Strange Short Films From the Dawn of Cinema
As promised, Part Two of this list contains short films from the bold and unusual schools of Expressionism, Dadaism, and Surrealism. Much of the exploratory enthusiasm evident in Part One is still present, but now an avant-guard seriousness shores up each effort. This is art first, play second.
Taking us through the mid- to late-1920s, these films span the era when sound synchronization was being developed. By the 1930s, talkies would become standard. Some of these films, most notably Entr’acte, had music written to accompany them. But others did not, and a small cottage industry has recently emerge around orchestrating music to match these classics.
My advice? Take your time with these. They start weird and stay weird. Enjoy!
Director: René Clair
Run time: 20 minutes and 19 seconds
Entr’acte is a French Dadaist film that features cameos by Man Ray, Marcel Duchamp, and others. It was written by Clair and the artist Francis Picabia, who just happens to have created the arts and literary magazine 391. While parts of the film could be said to follow a narrative, on the main, it is a pastiche of experimental techniques and Dadaist philosophy. What comes through strongly is joy. The bearded ballerina, the camel pulling a hearse, the roller coaster footage—all share an energy of exploration, rebellion, and playfulness.
The Love of Zero (1928)
Director: Robert Florey
Run time: 15 minutes 7 seconds
The Love of Zero is an avant-guard short that was filmed in one day. Its playful, expressionist sets bring to mind both Pee-wee’s Playhouse and The Forbidden Zone. As exuberant as the acting and film techniques are (nearly every special effect known at the time is on display), the overall theme of the movie is dark. While there are times when a “scene missing” card might not go amiss, the aesthetics alone make this strange little film a worthy watch.
The Fall of the House of Usher (1928)
Co-directors: James Sibley Watson and Melville Webber
Run time: 13 minutes 37 seconds
This version of The Fall of the House of Usher is an expressionist cornucopia. It fairly demands that the viewer already know the story since it dispenses with formalities like plot and character and focuses instead on creating a sense of delirium. It simulates madness though highly stylized surreal imagery, which gives it a strong but not derivative Dr. Caligari vibe. Experimental techniques like filming through prisms and using multiple superimpositions fit seamlessly with the ultra-stylish 1920s fashion and design elements. Visually stunning, the short length is a good fit for the form.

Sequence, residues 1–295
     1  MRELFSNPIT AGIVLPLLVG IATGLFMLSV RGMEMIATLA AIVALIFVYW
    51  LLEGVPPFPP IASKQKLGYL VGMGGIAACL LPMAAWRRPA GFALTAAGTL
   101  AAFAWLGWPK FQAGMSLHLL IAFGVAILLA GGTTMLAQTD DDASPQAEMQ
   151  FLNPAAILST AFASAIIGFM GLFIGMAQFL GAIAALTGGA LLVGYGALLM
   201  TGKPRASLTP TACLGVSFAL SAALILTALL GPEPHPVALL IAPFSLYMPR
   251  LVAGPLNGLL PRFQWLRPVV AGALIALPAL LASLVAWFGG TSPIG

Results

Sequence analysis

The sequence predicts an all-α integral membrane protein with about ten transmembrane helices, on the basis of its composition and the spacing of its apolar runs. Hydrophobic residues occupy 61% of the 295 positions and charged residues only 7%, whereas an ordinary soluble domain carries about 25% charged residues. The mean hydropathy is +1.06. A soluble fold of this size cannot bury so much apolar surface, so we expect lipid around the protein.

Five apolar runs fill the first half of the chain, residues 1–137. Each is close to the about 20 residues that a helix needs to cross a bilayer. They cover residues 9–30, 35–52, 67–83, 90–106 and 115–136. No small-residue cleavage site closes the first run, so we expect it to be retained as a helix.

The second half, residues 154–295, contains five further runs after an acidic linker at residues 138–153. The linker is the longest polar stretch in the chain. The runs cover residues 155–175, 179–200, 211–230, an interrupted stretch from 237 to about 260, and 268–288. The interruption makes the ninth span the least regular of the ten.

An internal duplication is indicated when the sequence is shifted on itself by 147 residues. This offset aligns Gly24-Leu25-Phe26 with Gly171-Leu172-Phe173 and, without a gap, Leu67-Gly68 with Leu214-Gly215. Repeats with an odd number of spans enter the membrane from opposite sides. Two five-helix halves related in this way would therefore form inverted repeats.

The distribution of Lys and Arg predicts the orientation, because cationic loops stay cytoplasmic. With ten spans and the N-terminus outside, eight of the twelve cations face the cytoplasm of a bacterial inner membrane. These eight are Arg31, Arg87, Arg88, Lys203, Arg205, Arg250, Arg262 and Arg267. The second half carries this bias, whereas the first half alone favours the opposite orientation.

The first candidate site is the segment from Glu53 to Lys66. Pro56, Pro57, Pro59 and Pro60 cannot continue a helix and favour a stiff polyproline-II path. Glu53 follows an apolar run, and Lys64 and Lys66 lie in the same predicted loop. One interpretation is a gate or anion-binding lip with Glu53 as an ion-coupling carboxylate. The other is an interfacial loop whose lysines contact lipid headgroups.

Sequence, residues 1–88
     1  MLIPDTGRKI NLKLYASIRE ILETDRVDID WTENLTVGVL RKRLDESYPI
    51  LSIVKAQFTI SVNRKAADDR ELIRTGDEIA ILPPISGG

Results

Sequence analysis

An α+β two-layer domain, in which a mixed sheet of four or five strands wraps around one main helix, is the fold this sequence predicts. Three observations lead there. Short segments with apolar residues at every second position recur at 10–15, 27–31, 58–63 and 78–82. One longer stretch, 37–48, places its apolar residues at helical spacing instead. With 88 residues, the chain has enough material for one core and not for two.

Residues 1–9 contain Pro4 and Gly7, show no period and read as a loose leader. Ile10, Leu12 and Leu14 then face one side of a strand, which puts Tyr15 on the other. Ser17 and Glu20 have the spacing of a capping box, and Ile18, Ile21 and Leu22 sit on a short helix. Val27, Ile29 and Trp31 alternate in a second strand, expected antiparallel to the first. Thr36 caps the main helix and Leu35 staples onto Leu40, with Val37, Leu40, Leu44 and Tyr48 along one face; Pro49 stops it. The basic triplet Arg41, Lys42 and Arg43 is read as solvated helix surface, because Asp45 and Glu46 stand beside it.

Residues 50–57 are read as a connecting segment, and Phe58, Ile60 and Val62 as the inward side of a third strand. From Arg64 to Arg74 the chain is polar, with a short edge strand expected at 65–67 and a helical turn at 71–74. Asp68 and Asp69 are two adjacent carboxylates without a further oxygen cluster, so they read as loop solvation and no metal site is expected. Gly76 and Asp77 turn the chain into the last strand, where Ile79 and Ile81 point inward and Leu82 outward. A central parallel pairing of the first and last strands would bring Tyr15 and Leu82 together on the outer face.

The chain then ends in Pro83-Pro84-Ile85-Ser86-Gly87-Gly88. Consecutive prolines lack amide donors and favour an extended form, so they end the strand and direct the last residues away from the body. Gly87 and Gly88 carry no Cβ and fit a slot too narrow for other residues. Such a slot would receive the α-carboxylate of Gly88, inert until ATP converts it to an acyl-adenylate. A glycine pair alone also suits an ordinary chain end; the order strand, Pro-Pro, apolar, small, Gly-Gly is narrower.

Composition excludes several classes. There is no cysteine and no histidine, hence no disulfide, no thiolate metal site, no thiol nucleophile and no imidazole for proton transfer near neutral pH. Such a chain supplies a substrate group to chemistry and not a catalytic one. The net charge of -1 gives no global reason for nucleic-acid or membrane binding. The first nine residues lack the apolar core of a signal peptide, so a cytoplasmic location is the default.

The Life and Death of 9413: a Hollywood Extra (1928)
Director: Robert Florey and Slavko Vorkapić
Run time: 11 minutes
The Life and Death of 9413: a Hollywood Extra is, of course, about the dehumanization of struggling actors, which it illustrates by giving each extra a large, black number on their forehead. An independent project filmed for the most part in the creators’ homes, 9413 combines innovative expressionist sets and experimental techniques with documentary-style footage of Hollywood. It all adds up to an off-kilter mood that might best be described as darkly whimsical. As much as any movie on this list, this one—the most DIY and lowest budget ($97) of any of them—has a story and pacing that let this short film hold its own nearly a hundred years later.
The Seashell and the Clergy Man (1928)
Director: Germaine Dulac
Run time: 40 minutes
With The Seashell and the Clergy Man, we come to the first and only film on this list directed by a woman. Based on a story brimming with surreal and existential motifs, this French film is a tour de force of the cinematic techniques of the time. In it, a priest comes to hate a General and to covet his wife. Most of the special effects are used to illustrate the priest’s descent into madness. Depending on the viewer, this film could be interpreted as wildly disjointed and utterly meaningless or as a sophisticated work of art that is dense with symbolism. The latter is encouraged by Dulac’s historical position as an important first-wave feminist.
Un Chien Andelou (1929)
Director: Luis Buñuel
Run time: 17 minutes
The Franco-Spanish Un Chien Andelou is the most famous Surrealist movie of its kind. It is also the only one on this list not better known by the English translation of its name, which is An Andalusian Dog. Written by Buñuel and Salvador Dalí as an anti-establishment nightmare, the impetus of the film was to explore repressed emotion. An open eye being sliced in half; ants emerging from a hole in a man’s palm; a man wiping his mouth away, only to have it replaced with a woman’s armpit hair—Un Chien is full of dramatic surreal imagery. But at its heart, it is about sexual aggression. While many of the trick shots and memorable scenes concern the male lead, it is the female who is fighting off an attacker and who may or may not escape in the end. It’s easy for her struggle to be overshadowed, though, when she has to share the screen with a man dragging two grand pianos each laden with its own dead donkey, and there are two priests—one of whom is Salvador Dalí—tangled up in the ropes.
Amy M. Vaughn is the author of Skull Nuggets (Bizarro Pulp Press) and the editor of Dog Doors to Outer Space (Filthy Loot). Her forthcoming books include Freak Night at the Slee-Z Motel (Thicke & Vaney) and The Shelter (Cabal). She is also a contributing editor at Babou 691.